Voter ID laws in the United States
|This article is outdated. (October 2012)|
A Voter ID law is a law that requires some form of identification in order to vote or receive a ballot for an election.
In the United States, voter ID laws are in place in 30 states. Due to the Twenty-fourth Amendment to the United States Constitution, which prohibits poll taxes, states that require Voter ID must provide an ID to voters at no cost. At the federal level, the 2002 Help America Vote Act requires a voter ID for all new voters in federal elections who registered by mail and who did not provide a driver's license number or the last four digits of a Social Security number that was matched against government records.
Push for photo ID requirements
Twelve states, including the battleground state of Virginia, now require voters to show some form of photo identification (see table below), with approximately thirteen other states pursuing similar legislation. Some of the states that were pursuing new photo identification requirements were legally bound to apply for Federal Preclearance prior to enacting any new election laws. Federal Preclearance stems from the Voting Rights Act of 1965. However, in the 2013 case Shelby County v. Holder, the United States Supreme Court struck down Section 4(b) of the Act and its formula for requiring preclearance as unconstitutional based on current conditions, saying it was rational and needed at the time it was enacted but is no longer an accurate formula, based on the changing demographics of the country. In effect, Federal Preclearance is no longer a requirement until its formula can be deemed as constitutional, and states (such as Texas) that have passed photo identification requirements but were waiting for Federal Preclearance may now immediately take effect.
In 1999, Virginia Governor Jim Gilmore (R) attempted to start a pilot program that required voters to show IDs at the polls. His initiative was blocked by Democrats and the NAACP, and was stopped by court order. His administration had spent and mailed $275,000 worth of free voter ID cards to residents in Arlington and Fairfax counties. In the aftermath of the 2000 election, where George W. Bush narrowly won Florida by 537 votes, the American public and lawmakers became more receptive to measures against voter fraud. In 2002, President Bush signed the Help America Vote Act into law, which required all first-time voters in federal elections to show photo or non-photo ID upon either registration or arrival at the polling place.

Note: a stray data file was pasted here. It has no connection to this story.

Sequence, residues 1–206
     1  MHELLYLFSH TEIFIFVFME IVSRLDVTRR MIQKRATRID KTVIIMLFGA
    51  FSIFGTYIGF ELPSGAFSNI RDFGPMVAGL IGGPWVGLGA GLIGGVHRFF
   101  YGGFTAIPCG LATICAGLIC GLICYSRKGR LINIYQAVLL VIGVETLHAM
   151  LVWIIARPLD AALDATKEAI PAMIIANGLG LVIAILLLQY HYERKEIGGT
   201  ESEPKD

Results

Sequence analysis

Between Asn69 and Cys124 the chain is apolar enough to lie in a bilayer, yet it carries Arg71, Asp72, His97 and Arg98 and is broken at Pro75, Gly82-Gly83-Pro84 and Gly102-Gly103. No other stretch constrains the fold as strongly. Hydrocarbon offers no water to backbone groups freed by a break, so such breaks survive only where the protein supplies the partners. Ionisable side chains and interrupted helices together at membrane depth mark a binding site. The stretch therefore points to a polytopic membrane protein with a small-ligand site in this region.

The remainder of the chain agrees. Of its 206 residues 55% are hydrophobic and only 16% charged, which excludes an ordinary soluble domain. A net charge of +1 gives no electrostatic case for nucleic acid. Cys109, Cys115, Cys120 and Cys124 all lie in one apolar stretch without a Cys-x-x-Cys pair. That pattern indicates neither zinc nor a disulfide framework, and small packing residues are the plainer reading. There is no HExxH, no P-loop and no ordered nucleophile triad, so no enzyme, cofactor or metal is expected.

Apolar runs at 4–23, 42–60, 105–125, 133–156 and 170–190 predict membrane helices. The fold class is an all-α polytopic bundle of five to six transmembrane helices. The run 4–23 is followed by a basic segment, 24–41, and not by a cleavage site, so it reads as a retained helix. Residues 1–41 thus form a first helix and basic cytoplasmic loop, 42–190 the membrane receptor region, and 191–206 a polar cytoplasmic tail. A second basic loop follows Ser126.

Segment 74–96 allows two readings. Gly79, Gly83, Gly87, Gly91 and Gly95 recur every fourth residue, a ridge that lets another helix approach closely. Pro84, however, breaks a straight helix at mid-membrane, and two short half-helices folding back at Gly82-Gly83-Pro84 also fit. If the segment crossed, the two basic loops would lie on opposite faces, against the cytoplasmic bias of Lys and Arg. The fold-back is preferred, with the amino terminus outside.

In 2004, Arizona passed a law requiring voters to bring a state-issued photo ID to the polling place. Similar proposals were discussed in various other states and were passed in some cases. In several states a person's citizenship status is noted on their photo ID.
Indiana passed a law in 2005 requiring a photo ID be shown by all voters before casting ballots. Civil rights groups in Indiana launched a lawsuit, Crawford v. Marion County Election Board, that reached the Supreme Court in 2008. The Court ruled that the law was constitutional, paving the way for expanded laws in other states.
In 2011, Wisconsin Governor Scott Walker (R) ( WI Act 23) and Ohio Governor John Kasich (R) enacted similar laws. Texas Governor Rick Perry placed a voter ID bill as an "emergency item" in 2011, allowing legislators to rush it through the process. Jurisdiction over Texas election procedure is given to the Department of Justice, which must pre-clear the law for approval. Texas law recognizes government issued photo identification and weapons permits but not college IDs, raising the criticism that the law is unfavorable to young voters, who trend liberal, while favorable to gun owners, who trend conservative. Rhode Island passed a voter ID law in 2011, and it is the only state with a Democratic-controlled legislature to do so. In South Carolina, Gov. Nikki Haley (R) enacted a law requiring government-issued IDs at the polls, and supplied voters with free IDs and carpools to state DMVs; however, the ID requirement was blocked by the Justice Department. Wisconsin's Voter ID law provided free IDs to people who did not have them. In practice, state employees at the DMV were instructed to provide the IDs for free only if people specifically asked to have their fee waived. A Wisconsin state employee was fired for telling other employees that the IDs were free by law, and that they should inform people who may need them to vote. For the time being, the requirement to show photo ID has since been declared in violation of the Wisconsin Constitution and blocked by state judges.
Pennsylvania's voter ID law allowed various forms of photo identification cards, including those held by drivers, government employees, in-state college students, and residents of elder-care facilities. Voters who do not possess these forms of identification can obtain voting-only photo IDs issued by the Pennsylvania Department of State through the Pennsylvania Department of Transportation (PennDOT). However, a judicial order on October 2, 2012, blocked enforcement of Pennsylvania's law until after the 2012 Presidential election, and photo IDs are not required to vote in PA.